Put another way, I don't think "you shouldn't vote in your best interest, and in the best interest of the country, because most people won't" makes sense. Rather, that notion reinforces the "most people won't" when any position we take ought to be voting in the best interest of the country. (Or, if you're feeling selfish, voting based on self-interest alone.)
Until people make their voices count, they won't count. I don't owe anybody my vote, and I am thinking of the greater good when I vote for the candidate who shares more of my values than any of the others. It's not my fault she "can't win," it's yours, LaBossiere and your ilk.
Now, I could be wrong. Maybe Stein would be an ineffective, or bad, President. But I'm not convinced of that by arguments based on cynical acceptance of the plutocratic definition of viable candidates. Convince me Stein is wrong on foreign policy. Convince me she's wrong on energy policy, on civil rights issues, on women's health issues, on wealth inequality issues ... go ahead. I'm waiting.
If we get Trump/Pence in 2016, then we deserve the fucking disaster that's coming.
If we get Clinton/Kaine, then the mitigated disaster that's coming is what we deserve. Enjoy your endless war, continuing concentration of wealth, private prisons, surveillance state, corporate welfare, and new trade treaties. I'll continue to speak against them, to vote against them, and remind you what you voted for when you do, too.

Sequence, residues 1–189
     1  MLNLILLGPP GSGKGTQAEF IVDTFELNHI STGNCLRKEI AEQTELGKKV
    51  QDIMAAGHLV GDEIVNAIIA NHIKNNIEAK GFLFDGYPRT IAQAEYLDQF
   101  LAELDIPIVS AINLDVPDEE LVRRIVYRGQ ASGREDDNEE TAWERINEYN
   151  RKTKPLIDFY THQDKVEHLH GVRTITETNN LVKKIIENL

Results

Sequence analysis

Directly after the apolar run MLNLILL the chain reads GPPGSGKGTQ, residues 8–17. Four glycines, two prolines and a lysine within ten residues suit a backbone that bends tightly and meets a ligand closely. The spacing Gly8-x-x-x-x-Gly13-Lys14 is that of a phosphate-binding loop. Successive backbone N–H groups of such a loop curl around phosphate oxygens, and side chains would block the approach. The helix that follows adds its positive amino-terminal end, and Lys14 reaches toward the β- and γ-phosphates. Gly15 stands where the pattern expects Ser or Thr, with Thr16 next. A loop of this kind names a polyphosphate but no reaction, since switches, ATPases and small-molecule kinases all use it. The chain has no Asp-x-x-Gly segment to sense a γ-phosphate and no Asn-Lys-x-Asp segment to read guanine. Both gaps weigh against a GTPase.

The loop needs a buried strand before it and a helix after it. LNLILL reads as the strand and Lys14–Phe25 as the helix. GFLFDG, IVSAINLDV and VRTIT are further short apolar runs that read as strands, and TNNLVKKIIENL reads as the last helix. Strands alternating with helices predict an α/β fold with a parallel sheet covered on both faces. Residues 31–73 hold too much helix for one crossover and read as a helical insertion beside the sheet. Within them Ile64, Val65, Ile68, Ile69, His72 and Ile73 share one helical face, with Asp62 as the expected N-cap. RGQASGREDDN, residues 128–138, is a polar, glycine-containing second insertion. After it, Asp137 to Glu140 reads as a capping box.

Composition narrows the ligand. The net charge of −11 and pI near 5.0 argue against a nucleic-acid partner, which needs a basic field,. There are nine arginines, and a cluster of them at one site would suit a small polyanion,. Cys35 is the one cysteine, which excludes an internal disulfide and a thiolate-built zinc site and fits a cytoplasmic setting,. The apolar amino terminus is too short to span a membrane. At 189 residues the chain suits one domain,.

Did Nader cost Gore the 2000 election?
No. Gore cost Gore the 2000 election. Also, the Supreme Court. Also, Clinton, whose Administration was more moderate Republican than progressive. Had Clinton/Gore been more progressive than NAFTA and DADT, we never get into the mess Bush left us. Had they been more progressive, Gore would have been able to steal Nader's thunder; he could have co-opted the message with credibility and won those voters over. He didn't try, and wouldn't have been credible if he had.
Don't I care Trump could win if I don't vote Hillary?
Of course I do. A Hillary Presidency would be better than a Trump, no doubt. But a Stein would be better than either. I'm voting the way I think people should vote, hoping they eventually will learn because I want change, a bold new direction, an end to Citizens United, and much more. I don't believe Hillary wants those things.